In the diagrammed position, the players agreed that if White where to get f2-f4 and e4-e5 in he would surely gain the advantage. But this is easier said than done. In the post-mortem analysis, the players also had a look at 19.e5!? Qxe5 20.Bf4, after which Hikaru felt Black shouldn't have too many problems following 20...Qe7 21.b5 axb5 22.Bxd6 Qxd6 23.axb5 Rxa1 24.Rxa1 Bd8 (even more precise might be 24...d3!? with the idea 25.bxc6 Bxf2+! 26.Kxf2 Qf6+ and 27...Qxa1). Wang Hao decided to sacrifice the e-pawn with
Black was fine and the Chinese had to resign himself to forcing a draw.
In short: the game featured an intense struggle with a highly non symmetrical position, eventually leading to a perfectly... symmetrical and dead drawn rook ending.
Etienne Bacrot - Boris Gelfand
In the 3.Bb5-sicilian that appeared on the board, Gelfand has a lot of experience having recently played the same line against Svidler, Anand and Carlsen. With 14.Qb3
Bacrot deviated from the game Anand-Gelfand but Boris was ready for this move and equalized in a straightforward fashion. Since that moment on, little play was left in the position and the players decided to repeat the moves.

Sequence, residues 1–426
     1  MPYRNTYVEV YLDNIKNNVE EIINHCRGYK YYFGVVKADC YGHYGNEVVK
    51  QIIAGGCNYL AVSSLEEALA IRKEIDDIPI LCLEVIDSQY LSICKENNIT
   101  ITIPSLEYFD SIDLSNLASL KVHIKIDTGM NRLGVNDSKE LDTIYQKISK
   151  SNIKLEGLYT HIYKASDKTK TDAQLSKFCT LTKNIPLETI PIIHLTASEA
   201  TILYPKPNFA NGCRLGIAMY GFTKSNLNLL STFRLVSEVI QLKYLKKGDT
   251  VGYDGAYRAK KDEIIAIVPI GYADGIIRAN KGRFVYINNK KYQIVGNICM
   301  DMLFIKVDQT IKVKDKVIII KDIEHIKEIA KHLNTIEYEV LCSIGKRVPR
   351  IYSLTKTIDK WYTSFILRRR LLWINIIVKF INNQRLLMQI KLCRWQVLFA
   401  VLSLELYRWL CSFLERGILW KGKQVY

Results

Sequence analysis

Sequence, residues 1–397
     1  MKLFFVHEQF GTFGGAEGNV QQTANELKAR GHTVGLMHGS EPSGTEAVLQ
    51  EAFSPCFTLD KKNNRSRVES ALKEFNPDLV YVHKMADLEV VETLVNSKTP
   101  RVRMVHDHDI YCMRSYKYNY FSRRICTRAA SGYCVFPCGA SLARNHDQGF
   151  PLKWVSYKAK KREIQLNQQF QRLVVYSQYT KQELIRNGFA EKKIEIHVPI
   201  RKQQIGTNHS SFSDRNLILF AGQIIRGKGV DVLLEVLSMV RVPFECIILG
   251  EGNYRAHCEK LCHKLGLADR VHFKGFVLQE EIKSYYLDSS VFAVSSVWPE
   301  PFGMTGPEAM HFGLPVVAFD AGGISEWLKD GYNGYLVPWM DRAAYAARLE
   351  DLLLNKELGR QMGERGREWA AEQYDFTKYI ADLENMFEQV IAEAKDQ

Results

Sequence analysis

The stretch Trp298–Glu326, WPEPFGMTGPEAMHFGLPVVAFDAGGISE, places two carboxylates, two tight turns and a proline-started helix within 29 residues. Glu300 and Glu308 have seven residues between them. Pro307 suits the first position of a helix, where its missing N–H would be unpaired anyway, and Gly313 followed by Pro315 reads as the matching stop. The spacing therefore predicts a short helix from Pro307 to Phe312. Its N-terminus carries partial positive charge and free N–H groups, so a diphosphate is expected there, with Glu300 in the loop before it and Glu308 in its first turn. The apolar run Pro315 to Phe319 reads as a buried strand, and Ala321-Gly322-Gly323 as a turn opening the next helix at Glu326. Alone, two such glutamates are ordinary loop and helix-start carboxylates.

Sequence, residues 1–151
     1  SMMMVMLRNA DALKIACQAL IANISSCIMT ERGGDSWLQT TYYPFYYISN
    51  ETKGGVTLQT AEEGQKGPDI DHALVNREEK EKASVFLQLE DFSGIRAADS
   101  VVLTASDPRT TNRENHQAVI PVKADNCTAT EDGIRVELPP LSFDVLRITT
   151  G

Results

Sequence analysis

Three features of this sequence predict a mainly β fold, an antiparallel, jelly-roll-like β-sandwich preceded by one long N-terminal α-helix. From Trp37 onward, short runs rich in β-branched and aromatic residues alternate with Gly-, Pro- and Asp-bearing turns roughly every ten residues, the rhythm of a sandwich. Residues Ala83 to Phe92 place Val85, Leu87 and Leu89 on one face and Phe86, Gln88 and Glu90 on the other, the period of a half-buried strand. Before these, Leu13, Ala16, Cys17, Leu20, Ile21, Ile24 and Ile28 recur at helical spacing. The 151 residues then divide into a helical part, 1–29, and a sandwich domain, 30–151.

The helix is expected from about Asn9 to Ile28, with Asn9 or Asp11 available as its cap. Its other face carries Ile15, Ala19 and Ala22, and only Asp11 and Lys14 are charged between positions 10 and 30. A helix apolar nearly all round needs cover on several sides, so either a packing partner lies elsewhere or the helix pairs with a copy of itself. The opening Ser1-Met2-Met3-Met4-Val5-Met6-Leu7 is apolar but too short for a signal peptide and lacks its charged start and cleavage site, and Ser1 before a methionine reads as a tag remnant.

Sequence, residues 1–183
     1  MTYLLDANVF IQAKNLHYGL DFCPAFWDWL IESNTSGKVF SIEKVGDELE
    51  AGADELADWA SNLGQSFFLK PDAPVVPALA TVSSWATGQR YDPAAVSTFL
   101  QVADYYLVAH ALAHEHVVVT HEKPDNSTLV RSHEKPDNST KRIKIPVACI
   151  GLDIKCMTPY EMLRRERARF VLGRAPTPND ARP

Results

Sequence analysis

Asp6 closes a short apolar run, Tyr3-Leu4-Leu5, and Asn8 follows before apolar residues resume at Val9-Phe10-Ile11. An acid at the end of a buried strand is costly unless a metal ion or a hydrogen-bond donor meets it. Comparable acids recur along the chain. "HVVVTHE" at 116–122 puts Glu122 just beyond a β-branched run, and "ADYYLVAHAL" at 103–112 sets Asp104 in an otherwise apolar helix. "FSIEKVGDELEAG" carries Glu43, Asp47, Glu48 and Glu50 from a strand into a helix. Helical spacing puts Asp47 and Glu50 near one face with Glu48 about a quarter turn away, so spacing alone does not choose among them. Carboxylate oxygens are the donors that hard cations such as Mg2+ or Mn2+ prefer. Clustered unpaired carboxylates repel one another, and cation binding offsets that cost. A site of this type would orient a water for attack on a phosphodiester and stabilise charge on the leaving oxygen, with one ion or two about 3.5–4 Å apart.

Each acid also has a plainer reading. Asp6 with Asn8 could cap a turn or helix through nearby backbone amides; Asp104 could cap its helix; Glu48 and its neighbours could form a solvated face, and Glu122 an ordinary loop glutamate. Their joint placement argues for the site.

Gelfand undoubtedly goes into the first rest day with a good feeling, giving his first place (next to Ivanchuk) in the standings; it is indeed too early to speculate on who is leading, as Boris would most probably say, but a good and solid play will always stand out!
As for Etienne, he will surely want to improve his position on the scoreboard in the upcoming rounds. Since tomorrow is a free day, he will join us for the afternoon visit to Versailles, which he never saw before! Ruslan Ponomariov - Evgeny Tomashevsky
A game of metamorphosis! The game started out as a Queens Gambit, moved into Stonewall-territory but later it also reminded Ponomariov of the Queens-Indian. In any case, the Stonewall erected by Tomashevsky was incredibly solid and Ponomariov never came close to any advantage. Both players agreed a draw was a fair result.Leinier Dominguez - Anish Giri
Anish Giri came well prepared and blitzed out his first 20 moves or so without thought. His second, Robin van Kampen, watching the game in the press room, also seemed to enjoy the course of the game.
In the diagrammed position, Black had not used any time and could have restored the material balance with 21...Rxe3, when a draw is the most likely result. But something went wrong as Anish 'mixed something up' and played 21...Rb6
to which Dominguez replied 22.Rf3!
when it turns out that 22...Rxc6 runs into 23.Qd7 and the f7-pawn falls. The Cuban had little trouble converting the extra pawn into a win.
After such intense over the board disputes, we finally do not need a prognostic for tomorrow. The main expectations are connected with the... visit to Versailles, an event that most of the players must have been looking for from the begining, since everyone shared the enthusiasm and willingness to join the tour!
Happy free day!Versailles from the outside - tomorrow we'll take a closer look!
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